Right now most of the pages are still using the same old layout, also vintage – almost charmingly so, in fact, with gratuitous tables and inline CSS. This will be changing soon as well. I’m going to be using this site to get caught up with more modern layout and interface techniques. Look for cleaner, better-looking page layout, custom fonts, and mobile-friendly responsive design, coming soon.…

Road Trip 2012: Quebec

In May 2012, my mother-in-law gave us her old car – but we live in Halifax and the car was in Edmonton. So we flew there and drove it all the way back to Halifax. We had great weather and I had a new camera. This is part 14 of a series of blog posts about the trip.

(All of the photos are hosted on Flickr – click on any to see bigger versions and browse the full set.)

We left Montreal in the morning, after trying to find my parents’ first Montreal apartment near the McGill campus.

We stopped in Québec City for lunch. It was a crowded Sunday, and so instead of daring the lovely but touristy old town, we wandered around the neighbourhood just outside the walls, which is quite nice as well. There is a lot of great Art-Deco and Beaux-Arts architecture, and even the Brutalism is scaled down and interesting-looking.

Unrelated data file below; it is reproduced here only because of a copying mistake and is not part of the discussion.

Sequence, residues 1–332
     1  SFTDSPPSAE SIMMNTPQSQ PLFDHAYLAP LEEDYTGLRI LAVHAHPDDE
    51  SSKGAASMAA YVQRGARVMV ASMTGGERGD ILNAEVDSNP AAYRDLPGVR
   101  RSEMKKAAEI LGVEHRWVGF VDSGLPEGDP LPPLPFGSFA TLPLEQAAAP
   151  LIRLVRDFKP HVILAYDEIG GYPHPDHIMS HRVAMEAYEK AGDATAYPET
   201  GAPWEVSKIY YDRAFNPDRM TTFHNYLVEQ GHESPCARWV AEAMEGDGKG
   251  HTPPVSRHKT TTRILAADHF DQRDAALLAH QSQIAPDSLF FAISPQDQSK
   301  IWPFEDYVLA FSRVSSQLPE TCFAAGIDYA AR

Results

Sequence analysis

After lunch at Le Commensal, we crossed back to the south side of the St. Laurence and continued eastward.

Quebec has some great place names. Some of this is due to Catholic settlers wanting to give each town its own distinct saint name and so having to dig quite deeply for obscure Greek and Byzantine martyrs with exotic names. Some of this is also because of the layering of ‘official’ French names on top of old English or even First Nations settlements, but often keeping both. Some of my favourites from along the road:

  • Salaberry-de-Valleyfield
  • Saint-Zotique
  • Saint-Polycarpe

But I think this might be the best single sign with not one but three great Québec town names on it: